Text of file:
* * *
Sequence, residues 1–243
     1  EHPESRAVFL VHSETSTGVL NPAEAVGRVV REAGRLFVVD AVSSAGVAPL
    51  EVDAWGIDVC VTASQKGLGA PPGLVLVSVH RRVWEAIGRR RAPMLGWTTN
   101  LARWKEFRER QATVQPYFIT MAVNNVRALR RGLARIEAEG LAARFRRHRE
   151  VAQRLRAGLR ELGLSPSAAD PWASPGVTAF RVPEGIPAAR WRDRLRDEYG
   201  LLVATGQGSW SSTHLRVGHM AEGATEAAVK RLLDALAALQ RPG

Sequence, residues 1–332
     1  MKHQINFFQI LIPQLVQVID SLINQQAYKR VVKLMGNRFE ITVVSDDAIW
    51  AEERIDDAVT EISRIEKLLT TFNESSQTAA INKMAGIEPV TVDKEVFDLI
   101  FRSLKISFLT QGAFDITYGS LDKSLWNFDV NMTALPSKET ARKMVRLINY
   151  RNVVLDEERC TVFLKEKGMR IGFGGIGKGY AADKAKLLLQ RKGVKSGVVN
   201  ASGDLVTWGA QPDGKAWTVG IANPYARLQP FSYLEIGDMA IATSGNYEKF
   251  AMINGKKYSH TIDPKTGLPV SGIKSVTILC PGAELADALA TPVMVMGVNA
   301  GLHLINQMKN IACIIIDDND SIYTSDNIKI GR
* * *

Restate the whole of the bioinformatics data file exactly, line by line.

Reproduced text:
Sequence, residues 1–243
     1  EHPESRAVFL VHSETSTGVL NPAEAVGRVV REAGRLFVVD AVSSAGVAPL
    51  EVDAWGIDVC VTASQKGLGA PPGLVLVSVH RRVWEAIGRR RAPMLGWTTN
   101  LARWKEFRER QATVQPYFIT MAVNNVRALR RGLARIEAEG LAARFRRHRE
   151  VAQRLRAGLR ELGLSPSAAD PWASPGVTAF RVPEGIPAAR WRDRLRDEYG
   201  LLVATGQGSW SSTHLRVGHM AEGATEAAVK RLLDALAALQ RPG

Sequence, residues 1–332
     1  MKHQINFFQI LIPQLVQVID SLINQQAYKR VVKLMGNRFE ITVVSDDAIW
    51  AEERIDDAVT EISRIEKLLT TFNESSQTAA INKMAGIEPV TVDKEVFDLI
   101  FRSLKISFLT QGAFDITYGS LDKSLWNFDV NMTALPSKET ARKMVRLINY
   151  RNVVLDEERC TVFLKEKGMR IGFGGIGKGY AADKAKLLLQ RKGVKSGVVN
   201  ASGDLVTWGA QPDGKAWTVG IANPYARLQP FSYLEIGDMA IATSGNYEKF
   251  AMINGKKYSH TIDPKTGLPV SGIKSVTILC PGAELADALA TPVMVMGVNA
   301  GLHLINQMKN IACIIIDDND SIYTSDNIKI GR